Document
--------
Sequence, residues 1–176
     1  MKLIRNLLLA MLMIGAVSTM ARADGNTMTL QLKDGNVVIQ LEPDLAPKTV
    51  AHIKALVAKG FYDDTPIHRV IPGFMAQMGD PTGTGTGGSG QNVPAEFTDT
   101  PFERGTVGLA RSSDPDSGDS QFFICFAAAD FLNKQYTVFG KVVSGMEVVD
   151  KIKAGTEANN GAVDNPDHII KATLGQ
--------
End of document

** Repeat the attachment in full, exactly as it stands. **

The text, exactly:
Sequence, residues 1–176
     1  MKLIRNLLLA MLMIGAVSTM ARADGNTMTL QLKDGNVVIQ LEPDLAPKTV
    51  AHIKALVAKG FYDDTPIHRV IPGFMAQMGD PTGTGTGGSG QNVPAEFTDT
   101  PFERGTVGLA RSSDPDSGDS QFFICFAAAD FLNKQYTVFG KVVSGMEVVD
   151  KIKAGTEANN GAVDNPDHII KATLGQ